Inflation Cause, Effects and Remedies

11309 Words46 Pages
It’s causes, effect and remedies.
By: Subrat Choudhury

Inflation and Deflation
Inflation and Deflation, in economics, terms used to describe, respectively, a decline or an increase in the value of money, in relation to the goods and services it will buy. Inflation is the pervasive and sustained rise in the aggregate level of prices measured by an index of the cost of various goods and services. Repetitive price increases erode the purchasing power of money and other financial assets with fixed values, creating serious economic distortions and uncertainty. Inflation results when actual economic pressures and anticipation of future developments cause the demand for goods and services to exceed the supply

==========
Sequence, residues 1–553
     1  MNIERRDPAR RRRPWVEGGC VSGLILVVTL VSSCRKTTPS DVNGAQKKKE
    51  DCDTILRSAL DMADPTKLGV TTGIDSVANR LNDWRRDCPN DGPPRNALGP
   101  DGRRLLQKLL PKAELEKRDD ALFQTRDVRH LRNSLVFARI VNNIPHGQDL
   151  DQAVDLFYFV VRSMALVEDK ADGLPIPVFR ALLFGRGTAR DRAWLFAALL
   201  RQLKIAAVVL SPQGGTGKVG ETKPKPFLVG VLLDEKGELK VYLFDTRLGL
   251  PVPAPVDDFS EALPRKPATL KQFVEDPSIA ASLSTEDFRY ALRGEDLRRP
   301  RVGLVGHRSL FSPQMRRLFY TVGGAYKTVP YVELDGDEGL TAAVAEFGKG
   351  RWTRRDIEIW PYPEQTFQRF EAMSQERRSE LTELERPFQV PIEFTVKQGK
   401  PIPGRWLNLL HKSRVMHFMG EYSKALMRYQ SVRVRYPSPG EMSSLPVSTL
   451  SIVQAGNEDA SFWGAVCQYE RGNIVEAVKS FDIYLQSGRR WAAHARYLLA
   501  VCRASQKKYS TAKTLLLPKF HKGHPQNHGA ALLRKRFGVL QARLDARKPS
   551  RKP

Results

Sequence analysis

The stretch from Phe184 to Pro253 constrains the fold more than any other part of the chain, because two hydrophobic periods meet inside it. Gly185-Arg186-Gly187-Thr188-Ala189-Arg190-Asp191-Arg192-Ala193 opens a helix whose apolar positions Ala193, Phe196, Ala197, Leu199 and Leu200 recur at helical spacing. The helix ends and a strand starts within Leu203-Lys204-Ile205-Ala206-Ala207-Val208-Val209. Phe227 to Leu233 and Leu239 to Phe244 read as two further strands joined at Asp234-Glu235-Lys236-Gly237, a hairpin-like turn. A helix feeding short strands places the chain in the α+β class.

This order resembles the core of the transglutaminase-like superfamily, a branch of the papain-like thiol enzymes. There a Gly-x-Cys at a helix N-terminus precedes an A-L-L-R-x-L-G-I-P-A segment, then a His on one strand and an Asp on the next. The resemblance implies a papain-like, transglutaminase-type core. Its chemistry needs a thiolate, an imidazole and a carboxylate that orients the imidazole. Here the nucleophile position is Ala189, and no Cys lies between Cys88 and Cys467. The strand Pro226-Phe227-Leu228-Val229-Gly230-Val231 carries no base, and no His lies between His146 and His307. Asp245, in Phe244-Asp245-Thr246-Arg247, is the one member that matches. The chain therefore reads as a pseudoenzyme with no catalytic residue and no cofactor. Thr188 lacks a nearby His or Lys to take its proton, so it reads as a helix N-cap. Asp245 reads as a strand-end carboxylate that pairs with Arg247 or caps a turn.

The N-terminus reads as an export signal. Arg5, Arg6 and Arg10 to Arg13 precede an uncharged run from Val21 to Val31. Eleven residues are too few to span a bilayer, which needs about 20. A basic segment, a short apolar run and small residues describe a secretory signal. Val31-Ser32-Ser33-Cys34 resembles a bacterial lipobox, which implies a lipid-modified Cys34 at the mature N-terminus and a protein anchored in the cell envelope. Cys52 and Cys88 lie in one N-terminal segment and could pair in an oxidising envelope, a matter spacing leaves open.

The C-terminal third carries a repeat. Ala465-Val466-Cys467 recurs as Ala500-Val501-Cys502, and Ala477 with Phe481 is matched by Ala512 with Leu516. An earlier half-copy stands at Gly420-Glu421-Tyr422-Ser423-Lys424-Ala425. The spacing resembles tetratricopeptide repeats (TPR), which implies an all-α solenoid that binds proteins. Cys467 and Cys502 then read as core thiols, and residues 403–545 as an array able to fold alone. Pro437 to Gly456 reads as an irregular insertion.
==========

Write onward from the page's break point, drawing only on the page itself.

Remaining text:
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Economic historians have identified the 16th to early 17th centuries in Europe as a period of long-term inflation, although the average annual rate of 1 to 2 percent was modest by modern standards. Major changes occurred during the American Revolution, when prices in the U.S. rose an average of 8.5 percent per month, and during the French Revolution, when prices in France rose at a rate of 10 percent per month. These relatively brief flurries were followed by long periods of alternating international inflations and deflations linked to specific political and economic events. The U.S. reported average annual price changes as follows: 1790 to 1815, up 3.3 percent; 1815 to 1850, down 2.3 percent; 1850 to 1873, up 5.3 percent; 1873 to 1896, down 1.8 percent; 1896 to 1920, up 4.2 percent; and 1920 to 1934, down 3.9 percent. This extended history indicates a recurring sequence of inflations, linked to wartime periods, followed by long periods of price stability or deflation. Consumer prices accelerated during the World War II era, rising at an annual average rate of 7.0 percent from 1940 to 1948, and then stabilized from 1948 to 1965, when the annual increases averaged only 1.6 percent, including a peak of 5.9 percent in 1951 during the Korean War. In the mid-1960s a chronic inflationary trend began in most industrial nations. From 1965 to 1978 American consumer prices increased at an average annual rate of 5.7 percent, including a peak of
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